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ecology 2

New translation, the Magna Carta
article archives at abelard's news and comment zoneecology archive: 1 2 3 4 5 6 7 8 9

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ecology archive 2

 

 


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presley lives … trapped in a small cage for 25 years

“… handed the blue Spix’s macaw to a Brazilian conservationist marking the conclusion of an extraordinary five-month effort by American bird enthusiasts, geneticists and government officials to bring the native Brazilian bird back from the brink of extinction.”

a lesson in human foolishness and future hope....

the web address for this article is
http://www.abelard.org/news/archive-ecology2.htm#ecology261202

26.12.2002

is the arctic ice on the way out?

“a NASA study released last week, which found that perennial sea ice in the Arctic is melting three times faster than previously thought, at a rate of nine per cent per decade. If these melting rates continue for a few more decades, NASA said, the perennial sea ice will disappear entirely this century. ”

and with it the polar bear?

“Scientists suspect that systematic warming in the arctic, manifested by increasingly frequent bouts of warm weather, will lead to a higher incidence of collapsed [ice] caves and ultimately to a contraction in the area suitable for seal denning, and, indirectly, to declines in polar bear populations. With fewer seal prey, a decline in polar bear populations would be inevitable. ”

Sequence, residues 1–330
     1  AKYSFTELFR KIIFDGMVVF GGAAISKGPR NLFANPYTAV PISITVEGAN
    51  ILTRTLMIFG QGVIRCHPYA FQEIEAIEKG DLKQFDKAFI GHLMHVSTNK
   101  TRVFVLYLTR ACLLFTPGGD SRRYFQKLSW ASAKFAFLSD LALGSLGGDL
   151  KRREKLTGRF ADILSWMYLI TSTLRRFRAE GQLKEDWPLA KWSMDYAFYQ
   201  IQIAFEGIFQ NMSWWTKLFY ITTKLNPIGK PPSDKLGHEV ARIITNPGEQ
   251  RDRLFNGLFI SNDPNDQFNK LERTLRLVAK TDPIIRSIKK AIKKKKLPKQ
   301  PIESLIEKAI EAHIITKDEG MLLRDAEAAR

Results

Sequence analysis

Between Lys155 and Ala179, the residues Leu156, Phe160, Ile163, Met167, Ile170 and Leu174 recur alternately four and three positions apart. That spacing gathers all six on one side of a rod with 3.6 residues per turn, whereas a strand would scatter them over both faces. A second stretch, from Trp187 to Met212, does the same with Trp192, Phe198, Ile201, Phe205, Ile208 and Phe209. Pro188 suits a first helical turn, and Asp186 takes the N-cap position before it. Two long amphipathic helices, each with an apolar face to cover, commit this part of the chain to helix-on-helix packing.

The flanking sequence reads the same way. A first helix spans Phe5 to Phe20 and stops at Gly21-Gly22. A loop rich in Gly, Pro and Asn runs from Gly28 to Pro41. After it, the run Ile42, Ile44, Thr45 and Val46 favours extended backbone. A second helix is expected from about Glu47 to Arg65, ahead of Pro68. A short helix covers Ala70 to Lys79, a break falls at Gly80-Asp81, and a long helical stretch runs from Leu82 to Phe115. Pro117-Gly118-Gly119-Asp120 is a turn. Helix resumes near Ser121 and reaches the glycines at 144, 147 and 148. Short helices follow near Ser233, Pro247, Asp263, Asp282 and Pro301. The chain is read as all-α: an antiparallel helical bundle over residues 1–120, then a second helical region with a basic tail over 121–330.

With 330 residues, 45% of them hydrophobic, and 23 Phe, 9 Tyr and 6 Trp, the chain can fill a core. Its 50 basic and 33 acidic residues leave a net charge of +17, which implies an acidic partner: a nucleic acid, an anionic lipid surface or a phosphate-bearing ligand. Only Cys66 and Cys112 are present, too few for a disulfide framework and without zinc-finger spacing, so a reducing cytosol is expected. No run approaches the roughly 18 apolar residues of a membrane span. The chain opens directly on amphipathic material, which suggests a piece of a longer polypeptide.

the web address for this article is
http://www.abelard.org/news/archive-ecology2.htm#ecology231202

23.12.2002

fish stocks under threat

“The price (of cod) was 12 euro per kilo ($5.70 per pound) last year, 18 euro per kilo ($8.50 per pound) this year, and is likely to top 25 euro per kilo ($11.70 per pound) next year.”

The result of over fishing.

But.....

“farmed cod [is coming] from places like Estonia, Norway, and Denmark.”

the web address for this article is
http://www.abelard.org/news/archive-ecology2.htm#ecology221202

22.12.2002

soooo slow

“The European Union will ensure sulphur-free petrol and diesel are fully available by 2009 in a move to promote lower traffic emissions and improve vehicles’ fuel efficiency, the European Commission said yesterday.”

the web address for this article is
http://www.abelard.org/news/archive-ecology2.htm#ecology141202

14.12.2002

subsidies destroying fish stocks
Spain, Italy, Portugal, France, Ireland and Greece cling to subsidies.

“European Union subsidies totalling 1.4 billion euros (dollars) a year will doom the fishing industry unless halted soon, the conservation body WWF-International said.”

I’ve seen suggested somewhere that the fishermen should be paid not to fish, just as farmers are paid not to farm.

Meanwhile, icelandic whalers want to return to the killing

“Whale-watching operators estimate the direct value of their business in Iceland at $8 million a year, while whaling yielded only $3 million to $4 million a year before the ban in 1989.”

fishermen demonstrate against reduced quotas....

I have visions of the last remaining shivering fish hiding behind a rock while a dozen factory trawlers bear down on it. “I’m sure there’s still one in there somewhere!”

the web address for this article is
http://www.abelard.org/news/archive-ecology2.htm#ecology121202-2

12.12.2002

mad deer disease on the plains in america

The disease, marked by emaciation and uncontrollable drooling in elk and deer, had seemed limited to the High Plains but this year, scores of cases have been detected in Wisconsin.

“A national sportsman’s group, Whitetails Unlimited, has posted billboards in Wisconsin urging hunters to kill deer in the eradication zone.”

The fear being that, left untended, the disease could wipe out the state’s deer population.